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Friday, 23 October 2015

Death Of A High Street

I recently visited my local high street for the first time in a fortnight, only to find that another three 'charity shops' had opened up .... In fact, in all (including the charity shops just off the main road), there are eleven or more such shops in the small shopping area .... an area that is approx. 800 - 1,000 meters of double fronted road shopping.

This is a very worrying trend, as charity shops bring nothing to the local economy, and are in fact a harbinger of its demise ..... These shops pay few wages into the local economy, as the workers are nearly all volunteers, and these charity shop, drive local business shops into near ruination. The local book shops have all gone, simply because the charity shops all offer second hand books, and virtually all the ladies fashion shops have taken a hit, either closing or dropping to the cheaper end of the market, as many women now turn to second hand clothes for cheap fashion fixes.

Charity Shop Creep Invading High Streets

I fear that this sudden increase in the numbers of charity shops (and the loss of three local wage paying businesses that it signifies), is simply the end of the local high street. It will soon become the sole domain of welfare single parents, and pensioners, both with few funds to spend. These high streets never recover once they are broken, and eventually the only thing on them are a few dispirited stores, betting shops, and the ubiquitous charity shops, offering an increasingly mean set of items as the area declines.

There are a number of groups who I consider responsible for this trend:

  • Local planners, who authorise too many 'superstore' and mall developments on the edge of towns .... they suck the very soul out of small local shopping areas. Out of town retail shopping areas may serve a purpose, but the harm they do to local high streets may actually outweigh that advantage in some cases.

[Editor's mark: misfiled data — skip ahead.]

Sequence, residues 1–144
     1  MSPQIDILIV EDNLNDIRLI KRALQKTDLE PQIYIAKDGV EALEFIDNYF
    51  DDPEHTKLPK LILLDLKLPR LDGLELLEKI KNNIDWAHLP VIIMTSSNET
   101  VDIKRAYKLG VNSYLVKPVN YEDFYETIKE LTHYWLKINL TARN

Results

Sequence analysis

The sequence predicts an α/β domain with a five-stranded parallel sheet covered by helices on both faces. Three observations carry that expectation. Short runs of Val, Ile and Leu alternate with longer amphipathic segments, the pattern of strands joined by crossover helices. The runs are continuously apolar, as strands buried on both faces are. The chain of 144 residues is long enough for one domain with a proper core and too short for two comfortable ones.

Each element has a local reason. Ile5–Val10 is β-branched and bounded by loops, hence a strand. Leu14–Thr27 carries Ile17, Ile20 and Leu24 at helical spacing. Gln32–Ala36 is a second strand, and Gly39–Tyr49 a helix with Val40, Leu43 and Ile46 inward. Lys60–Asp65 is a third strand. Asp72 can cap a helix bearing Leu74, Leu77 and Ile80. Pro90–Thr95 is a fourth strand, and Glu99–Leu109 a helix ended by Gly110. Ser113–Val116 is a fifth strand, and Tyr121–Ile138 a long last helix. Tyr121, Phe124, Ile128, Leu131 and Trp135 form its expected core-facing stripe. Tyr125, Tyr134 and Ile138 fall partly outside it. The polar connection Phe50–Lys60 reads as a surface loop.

• Local councils, who often seem to adopt a 'Kill The Golden Goose' policy towards the business rates. This particularly applies to those councils whose economic model is based on the 'money tree' philosophy i.e. Private businesses are actually a 'money tree,' which you can visit as often as you want to get more 'free' cash. So they often set greedy business rates, regardless of economic recessions .... these simply serve the purpose of making struggling businesses impossible to keep going. These same councils often set no limit on the number of charity stores which can be accommodated on any one high street ... when in fact these numbers do need strict policing, as these stores are not self-regulating.

  • Local landlords, who rather like the greedy councils, just don't seem to grasp that shop rents should go down, as well as up to reflect local economic conditions. They of course can always fall back on the charity shops paying a rent for the property (although its usually less than that which a thriving business would get).